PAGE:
These data suggest that increases in cocaine intake can be observed under ratio schedules in monkeys. The use of an FI 30-min "probe" to assess changes in "drug seeking" appeared to be influenced by experimental history. These data may aid in the development of behavioral models of cocaine abuse, which focus on the compulsive nature of drug taking.
Available from: Roland R Griffiths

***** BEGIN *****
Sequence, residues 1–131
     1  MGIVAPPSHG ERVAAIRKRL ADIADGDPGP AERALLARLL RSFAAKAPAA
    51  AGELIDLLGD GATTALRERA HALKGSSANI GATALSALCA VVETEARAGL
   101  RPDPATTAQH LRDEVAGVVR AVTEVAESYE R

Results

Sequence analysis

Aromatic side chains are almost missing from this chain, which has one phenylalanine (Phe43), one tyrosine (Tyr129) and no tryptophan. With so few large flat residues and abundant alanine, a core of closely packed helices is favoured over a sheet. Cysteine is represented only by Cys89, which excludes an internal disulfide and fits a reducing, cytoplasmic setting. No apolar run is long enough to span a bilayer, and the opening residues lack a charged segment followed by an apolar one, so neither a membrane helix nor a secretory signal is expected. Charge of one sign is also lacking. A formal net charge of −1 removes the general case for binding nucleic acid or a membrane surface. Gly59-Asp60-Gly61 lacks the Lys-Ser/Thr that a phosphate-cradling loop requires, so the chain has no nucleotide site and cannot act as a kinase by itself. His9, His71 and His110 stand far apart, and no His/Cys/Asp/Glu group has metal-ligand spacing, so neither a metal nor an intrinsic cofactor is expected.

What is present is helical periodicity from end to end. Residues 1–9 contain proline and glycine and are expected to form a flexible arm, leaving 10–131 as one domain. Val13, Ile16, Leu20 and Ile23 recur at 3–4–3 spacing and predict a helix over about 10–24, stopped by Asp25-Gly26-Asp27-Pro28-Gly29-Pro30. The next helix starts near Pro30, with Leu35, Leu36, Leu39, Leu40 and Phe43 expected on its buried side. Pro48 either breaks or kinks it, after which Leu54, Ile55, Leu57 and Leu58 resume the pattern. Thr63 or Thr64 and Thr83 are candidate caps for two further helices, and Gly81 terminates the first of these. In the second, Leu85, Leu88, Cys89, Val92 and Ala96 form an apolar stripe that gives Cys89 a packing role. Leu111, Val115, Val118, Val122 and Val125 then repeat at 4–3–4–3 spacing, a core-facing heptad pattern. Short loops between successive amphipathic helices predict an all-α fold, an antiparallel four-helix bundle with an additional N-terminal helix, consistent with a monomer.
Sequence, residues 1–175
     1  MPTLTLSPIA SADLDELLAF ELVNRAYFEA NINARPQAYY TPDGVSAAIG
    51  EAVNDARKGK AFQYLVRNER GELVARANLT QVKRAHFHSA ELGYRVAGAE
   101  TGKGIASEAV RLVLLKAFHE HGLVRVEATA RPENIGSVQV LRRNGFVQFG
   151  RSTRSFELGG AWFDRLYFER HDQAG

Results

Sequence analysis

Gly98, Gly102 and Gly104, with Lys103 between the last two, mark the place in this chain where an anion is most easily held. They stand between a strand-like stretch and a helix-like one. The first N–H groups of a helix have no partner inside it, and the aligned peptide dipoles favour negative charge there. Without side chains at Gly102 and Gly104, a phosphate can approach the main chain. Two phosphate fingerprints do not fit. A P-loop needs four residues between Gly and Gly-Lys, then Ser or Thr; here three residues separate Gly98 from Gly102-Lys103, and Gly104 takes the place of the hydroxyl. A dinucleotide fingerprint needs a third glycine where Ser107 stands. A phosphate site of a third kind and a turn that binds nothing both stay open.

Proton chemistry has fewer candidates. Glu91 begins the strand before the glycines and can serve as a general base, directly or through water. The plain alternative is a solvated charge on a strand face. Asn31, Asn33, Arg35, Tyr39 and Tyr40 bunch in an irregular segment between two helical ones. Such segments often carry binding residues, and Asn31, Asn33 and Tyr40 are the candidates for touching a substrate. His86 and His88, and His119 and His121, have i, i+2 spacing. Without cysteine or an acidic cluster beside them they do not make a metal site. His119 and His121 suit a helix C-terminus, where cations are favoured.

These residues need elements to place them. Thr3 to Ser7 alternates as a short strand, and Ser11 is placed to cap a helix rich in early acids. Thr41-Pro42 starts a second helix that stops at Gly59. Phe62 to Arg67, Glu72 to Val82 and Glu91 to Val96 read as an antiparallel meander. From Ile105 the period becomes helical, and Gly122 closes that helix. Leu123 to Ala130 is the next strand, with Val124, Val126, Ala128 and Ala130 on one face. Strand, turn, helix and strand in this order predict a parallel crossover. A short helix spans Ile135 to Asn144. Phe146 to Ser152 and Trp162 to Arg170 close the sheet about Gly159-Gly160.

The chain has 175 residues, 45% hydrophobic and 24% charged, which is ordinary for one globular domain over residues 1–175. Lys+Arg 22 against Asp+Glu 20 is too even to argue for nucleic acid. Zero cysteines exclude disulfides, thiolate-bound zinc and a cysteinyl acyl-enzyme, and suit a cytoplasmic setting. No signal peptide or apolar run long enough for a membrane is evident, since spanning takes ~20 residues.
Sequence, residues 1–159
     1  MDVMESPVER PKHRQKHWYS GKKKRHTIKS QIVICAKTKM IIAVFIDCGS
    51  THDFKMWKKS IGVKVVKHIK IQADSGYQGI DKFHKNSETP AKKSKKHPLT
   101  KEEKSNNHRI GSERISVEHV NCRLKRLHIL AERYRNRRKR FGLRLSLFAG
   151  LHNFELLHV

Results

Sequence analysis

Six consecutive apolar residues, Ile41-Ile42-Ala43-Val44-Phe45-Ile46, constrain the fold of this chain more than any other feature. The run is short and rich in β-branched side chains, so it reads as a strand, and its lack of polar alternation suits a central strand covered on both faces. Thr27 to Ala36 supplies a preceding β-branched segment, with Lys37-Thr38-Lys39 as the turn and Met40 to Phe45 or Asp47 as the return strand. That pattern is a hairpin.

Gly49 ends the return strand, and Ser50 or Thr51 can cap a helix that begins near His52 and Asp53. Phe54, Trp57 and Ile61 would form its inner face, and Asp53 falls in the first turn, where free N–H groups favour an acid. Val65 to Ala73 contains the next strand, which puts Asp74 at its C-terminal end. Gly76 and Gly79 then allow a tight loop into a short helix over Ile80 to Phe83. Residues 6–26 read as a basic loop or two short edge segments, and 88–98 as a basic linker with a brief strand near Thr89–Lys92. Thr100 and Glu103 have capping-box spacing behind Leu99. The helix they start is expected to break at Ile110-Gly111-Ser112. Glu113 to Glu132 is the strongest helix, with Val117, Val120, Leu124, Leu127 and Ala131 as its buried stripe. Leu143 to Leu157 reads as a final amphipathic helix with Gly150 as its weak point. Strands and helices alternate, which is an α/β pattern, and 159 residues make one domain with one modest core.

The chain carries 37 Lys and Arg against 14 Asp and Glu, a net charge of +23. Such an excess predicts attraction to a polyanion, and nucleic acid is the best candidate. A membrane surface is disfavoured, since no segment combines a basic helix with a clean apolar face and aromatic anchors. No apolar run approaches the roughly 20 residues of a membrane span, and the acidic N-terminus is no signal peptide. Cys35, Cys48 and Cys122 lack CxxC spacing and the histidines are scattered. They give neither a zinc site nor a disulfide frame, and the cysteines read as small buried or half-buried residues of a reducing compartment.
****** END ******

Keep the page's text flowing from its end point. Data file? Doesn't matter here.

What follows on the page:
- "A drug that serves as a reinforcer under one schedule of reinforcement will typically serve as a reinforcer under other schedules of reinforcement (e.g., Czoty et al., 2007); however, different schedules allow for experimenter control of different variables. The examination of self administration behavior under different schedules of reinforcement or under different conditions within a single schedule can provide valuable information with regard to the range of conditions under which doses of drugs will maintain behavior or the sensitivity of the reinforcing effects of the drug to increases in price or effort required to obtain or administer the drug. "